Sports

Waverider Triathlon Club Featured Prominently in Saturday’s Ironman

October 10, 2013, 3:18 PM HST
* Updated October 10, 9:59 PM
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It was the luck of the lottery draw.

Kristen Drost, a math teacher at Kealakehe High School and organizer of the Waverider Triathlon Club, had just seen the first year of the club fly by when the time for the Ironman Big Island Lottery came up in June. Her former students, Dan Gampon and Keoni Smith, had completed the Ironman 70.3 Honu earlier in the year and were waiting, just like her, to see if they would get the chance to compete in the GoPro Ironman World Championship.

“It was an interesting experience,” said Drost. “Dan was the fist name called. Keoni and I were excited for him, and then Keoni got called, and I thought, wow, what an amazing opportunity for these two young men. And then to have my name called last, because I thought I was out, was a dream.”

Drost, a triathlete with experience in four different Ironman events, created the Waverider Triathlon Club last year knowing how big the sport was in Hawai`i. “Kona is the mecca of the sport. People travel from all over the world to try to qualify for this race, and as a triathlete and a teacher, I asked why don’t these kids have the exposure and why don’t they have the opportunity to participate in the sport?”

Support came from the community very quickly. The Talbert Family Foundation donated money to the club to purchase bikes, which the students were given for a year to ride and maintain. Bike Works volunteered to put the bikes together at no charge. Several other businesses came through with various donations.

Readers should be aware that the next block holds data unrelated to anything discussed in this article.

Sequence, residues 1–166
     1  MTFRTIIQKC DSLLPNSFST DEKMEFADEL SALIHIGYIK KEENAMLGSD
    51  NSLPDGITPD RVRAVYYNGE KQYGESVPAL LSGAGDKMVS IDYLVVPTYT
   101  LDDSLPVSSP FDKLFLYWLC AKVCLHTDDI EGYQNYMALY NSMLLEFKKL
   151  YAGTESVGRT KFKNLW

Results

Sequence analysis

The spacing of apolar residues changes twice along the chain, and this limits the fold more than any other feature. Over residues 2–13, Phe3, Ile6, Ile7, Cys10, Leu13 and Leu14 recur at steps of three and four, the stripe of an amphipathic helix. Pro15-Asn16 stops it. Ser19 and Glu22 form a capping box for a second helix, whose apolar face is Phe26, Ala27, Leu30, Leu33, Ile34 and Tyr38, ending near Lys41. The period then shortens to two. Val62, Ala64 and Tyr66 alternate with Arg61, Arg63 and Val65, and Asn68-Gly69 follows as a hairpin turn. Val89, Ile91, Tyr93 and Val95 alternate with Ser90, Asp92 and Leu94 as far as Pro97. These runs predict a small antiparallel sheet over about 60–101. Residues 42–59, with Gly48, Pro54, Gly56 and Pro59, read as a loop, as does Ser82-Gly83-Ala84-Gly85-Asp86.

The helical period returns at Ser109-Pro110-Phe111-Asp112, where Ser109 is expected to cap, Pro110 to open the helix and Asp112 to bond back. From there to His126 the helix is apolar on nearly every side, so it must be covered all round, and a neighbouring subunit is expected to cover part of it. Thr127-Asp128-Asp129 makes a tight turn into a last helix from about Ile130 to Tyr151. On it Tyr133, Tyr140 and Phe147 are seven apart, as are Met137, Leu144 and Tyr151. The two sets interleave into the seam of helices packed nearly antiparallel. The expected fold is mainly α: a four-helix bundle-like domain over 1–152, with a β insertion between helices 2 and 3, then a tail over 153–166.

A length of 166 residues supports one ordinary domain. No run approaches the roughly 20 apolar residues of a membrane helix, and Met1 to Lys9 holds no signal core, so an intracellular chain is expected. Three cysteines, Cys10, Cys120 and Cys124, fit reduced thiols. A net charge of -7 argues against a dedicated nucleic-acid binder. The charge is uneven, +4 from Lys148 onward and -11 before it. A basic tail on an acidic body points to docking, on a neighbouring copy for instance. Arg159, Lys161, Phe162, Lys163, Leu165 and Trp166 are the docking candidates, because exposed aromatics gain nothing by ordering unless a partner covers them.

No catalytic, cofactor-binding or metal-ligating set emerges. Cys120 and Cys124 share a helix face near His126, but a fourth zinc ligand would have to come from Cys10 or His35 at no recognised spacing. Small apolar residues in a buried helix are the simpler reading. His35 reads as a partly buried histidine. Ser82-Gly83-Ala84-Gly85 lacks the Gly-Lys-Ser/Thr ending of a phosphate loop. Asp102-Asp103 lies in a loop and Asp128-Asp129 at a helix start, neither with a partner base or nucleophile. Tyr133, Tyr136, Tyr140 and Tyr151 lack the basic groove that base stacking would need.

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Students were expected to learn life lessons through the club. Along with taking care of the bikes, students were also asked volunteer at local races, participate in at least four organized workouts and do individual workouts on their own time, and to write thank you letters to show appreciation and humbleness for the opportunities they were given.

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Competitively, her students participated in several events, including Lavaman Keauhou, Lavaman Waikoloa, and the End of the World 10k. Gampon and Smith, both freshmen at the Hawai`i Community College campus in Kealakekua, both decided to “bite the bullet” and sign up for the Ironman 70.3 Hawaii (Honu)  in May.

“Once I saw them really perform well at Honu, I thought these boys were tough,” said Drost when asked about the time she knew the pair would be ready for the full Ironman. “These kids are so mentally tough and determined that I knew they were capable of it.”

Drost’s journey to Saturday’s Ironman is a longer road which involved a lot of perseverance. Following the motto “go big or go home,” she started with a half-marathon in 2005 in preparation for Ironman Wisconsin later in the year and Ironman Canada in 2006. Her endurance career took a sudden halt after that.

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“Life throws you curveballs, sometimes,” explained Drost. “I got hit by a car at one point in my life so I had to take a couple of years off to get healthy again, and sometimes, it’s just an exhausting sport. You just need to step back away from it, but it always pulls you back in.”

She later moved to Hawai`i and caught was quickly entrenched in the endurance lifestyle again. She competed in the Ironman Honu and Ironman Kentucky, which was won by local competitor Bree Wee.

Drost stresses communication with her group, including brutal honesty when it comes to trying to complete the Ironman. “We talk about that we’re going to have highs in this race where it feels good and you’re also going to have these lows where you’re going to want to quit and that’s where you need to have that positive self-talk and you’re capable of more than you think you are.

Drost believes that Gampon and Smith can complete the Ironman in under 13 hours. As for her own goal, “I’d love to go sub-11:30. 11:15 would be optimal.”

The future of the Waverider Triathlon Club looks bright. One of its members, Leahi Camacho, successfully swam across the Kaiwi Channel in August. She was the youngest to ever do it at the age of 17.

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